I generally stay as far as I can from politics and religion here. I prefer not to alienate people, as those topics tend to do. So I hope I don't offend when I say that I am currently not a church-goer.
I was raised by Anglican parents in England, and we attended church from time to time, but not regularly. My memories of the times we did go usually include a grumpy old man at the front warning of hell and damnation, and my siblings and me bored stiff and giggling hysterically in the back, every adult in our immediate vicinity very rightfully giving us the evil eye, my parents embarrassed and uncomfortably reminded of why we didn't do this every week. What I don't remember is feeling particularly spiritual. This is not to say that I couldn't feel spiritual in church, and I believe there are many dynamic ministers (or the equivalent, depending on the faith) out there today who want to keep their religion relevant to modern life. If I ever find a church that I think is a good fit for me, I'll happily go.
As I've gotten older, I've come to my own conclusions about my spirituality. I still associate myself most closely with Christianity, and I try every day to live a Christian life. However, I won't discount the ideas of other religious groups, because I firmly believe that claiming my own religion to be the true religion and any other as false would be the height of arrogance. I believe I'm what you'd call a Unitarian.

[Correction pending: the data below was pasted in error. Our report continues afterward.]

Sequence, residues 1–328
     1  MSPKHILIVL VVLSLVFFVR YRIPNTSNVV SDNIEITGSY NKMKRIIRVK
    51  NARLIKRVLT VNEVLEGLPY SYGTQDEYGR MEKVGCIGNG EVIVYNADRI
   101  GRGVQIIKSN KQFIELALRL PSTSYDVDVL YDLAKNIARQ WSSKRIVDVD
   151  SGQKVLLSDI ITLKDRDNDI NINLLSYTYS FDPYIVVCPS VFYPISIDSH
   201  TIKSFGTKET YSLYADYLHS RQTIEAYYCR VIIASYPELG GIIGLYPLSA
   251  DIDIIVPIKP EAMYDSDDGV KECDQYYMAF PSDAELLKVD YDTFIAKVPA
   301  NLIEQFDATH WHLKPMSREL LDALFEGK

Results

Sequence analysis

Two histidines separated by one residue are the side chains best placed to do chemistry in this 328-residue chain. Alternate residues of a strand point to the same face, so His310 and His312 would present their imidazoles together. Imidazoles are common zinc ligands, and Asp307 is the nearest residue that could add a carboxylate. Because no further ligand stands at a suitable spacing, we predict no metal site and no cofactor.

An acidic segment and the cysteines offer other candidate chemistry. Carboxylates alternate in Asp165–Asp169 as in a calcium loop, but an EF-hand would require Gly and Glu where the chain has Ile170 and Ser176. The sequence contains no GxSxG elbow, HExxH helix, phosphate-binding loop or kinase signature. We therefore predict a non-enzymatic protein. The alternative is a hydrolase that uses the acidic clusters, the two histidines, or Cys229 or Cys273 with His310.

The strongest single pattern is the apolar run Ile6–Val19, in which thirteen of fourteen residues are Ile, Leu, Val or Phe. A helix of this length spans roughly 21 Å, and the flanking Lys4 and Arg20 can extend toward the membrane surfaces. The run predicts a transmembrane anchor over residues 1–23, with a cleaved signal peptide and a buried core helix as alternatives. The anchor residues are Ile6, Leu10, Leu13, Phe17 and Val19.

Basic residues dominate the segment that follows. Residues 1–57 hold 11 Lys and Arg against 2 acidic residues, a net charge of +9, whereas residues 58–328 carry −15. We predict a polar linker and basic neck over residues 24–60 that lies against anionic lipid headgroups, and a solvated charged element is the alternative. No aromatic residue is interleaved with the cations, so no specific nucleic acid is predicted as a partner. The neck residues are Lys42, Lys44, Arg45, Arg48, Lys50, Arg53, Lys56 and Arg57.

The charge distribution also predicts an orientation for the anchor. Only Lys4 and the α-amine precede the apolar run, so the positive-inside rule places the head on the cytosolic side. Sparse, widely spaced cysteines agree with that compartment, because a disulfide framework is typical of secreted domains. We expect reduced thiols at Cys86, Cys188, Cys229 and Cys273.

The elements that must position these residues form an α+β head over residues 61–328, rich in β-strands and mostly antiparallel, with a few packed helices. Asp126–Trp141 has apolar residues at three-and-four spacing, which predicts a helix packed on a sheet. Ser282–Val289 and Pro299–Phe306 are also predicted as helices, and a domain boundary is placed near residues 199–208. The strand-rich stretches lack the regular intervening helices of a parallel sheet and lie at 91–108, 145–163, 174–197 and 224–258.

In any case, I feel that one's spirituality is a very personal matter, and one not to be reached through fear or forcefeeding. So when Firstborn reached an age where he had questions about his own mortality and the fate of his soul, it was a tricky business.
The Captain, who is more wise and logical than I am, met my arguments about not wanting to overly influence our kids with the very good point that a little boy can only comprehend so much, and that maybe the idea that there is a heaven would be comforting to him. The Captain is a smart guy, and if it wasn't for him, I probably would've made some hippie-dippy statement about "figuring out your own belief system, man" which wouldn't have helped Firstborn at all. So, we told him that there is a God who created the whole world, and that when you die, you go to heaven because you were good, and then you get to do whatever you want. And since he learned this, he has walked around here talking about God and heaven with all the enthusiasm of a born-again Christian on a mission to save the souls of everyone around him.
Firstborn says a lot of funny things, about everything you can imagine. Last night, when he couldn't remember Pat Sajak's name, he called him "The boss of Wheel of Fortune." Hysterical! So of course, with his newfound religious convictions, there have been a few moments that have left me stifling a giggle. Here are my favourites:
"Does God have a last name?"
"Does God have legs?"
"I want to write a letter to God. We'll have to get a plane to get it all the way up there though."
"When I go to heaven, I'm going to eat cookies all the time!"
When my kids say and do the hilarious things they do, I marvel at the power they have to create joy out of nothing. They are a gift from God indeed.